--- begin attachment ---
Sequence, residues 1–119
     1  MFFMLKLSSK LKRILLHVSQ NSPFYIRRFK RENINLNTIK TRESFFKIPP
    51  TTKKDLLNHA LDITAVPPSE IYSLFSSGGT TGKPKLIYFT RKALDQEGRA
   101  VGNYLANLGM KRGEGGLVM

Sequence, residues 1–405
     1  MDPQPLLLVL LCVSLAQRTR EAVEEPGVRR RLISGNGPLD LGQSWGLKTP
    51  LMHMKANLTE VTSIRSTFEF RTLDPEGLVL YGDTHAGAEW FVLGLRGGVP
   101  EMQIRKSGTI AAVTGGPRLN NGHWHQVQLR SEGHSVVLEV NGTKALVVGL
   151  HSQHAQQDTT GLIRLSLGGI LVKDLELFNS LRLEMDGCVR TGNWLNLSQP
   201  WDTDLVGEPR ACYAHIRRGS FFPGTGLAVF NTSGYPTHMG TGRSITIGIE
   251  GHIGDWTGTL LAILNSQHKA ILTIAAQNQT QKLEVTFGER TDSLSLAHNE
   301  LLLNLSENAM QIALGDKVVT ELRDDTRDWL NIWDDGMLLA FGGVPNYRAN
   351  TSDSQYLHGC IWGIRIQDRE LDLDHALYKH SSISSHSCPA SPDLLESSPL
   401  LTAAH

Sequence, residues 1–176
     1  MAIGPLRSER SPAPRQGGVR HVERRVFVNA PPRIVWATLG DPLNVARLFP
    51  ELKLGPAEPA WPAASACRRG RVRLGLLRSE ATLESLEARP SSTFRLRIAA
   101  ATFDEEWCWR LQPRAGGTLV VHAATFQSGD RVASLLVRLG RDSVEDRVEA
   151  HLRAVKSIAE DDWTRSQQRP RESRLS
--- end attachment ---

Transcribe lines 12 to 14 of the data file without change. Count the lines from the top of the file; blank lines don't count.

   301  LLLNLSENAM QIALGDKVVT ELRDDTRDWL NIWDDGMLLA FGGVPNYRAN
   351  TSDSQYLHGC IWGIRIQDRE LDLDHALYKH SSISSHSCPA SPDLLESSPL
   401  LTAAH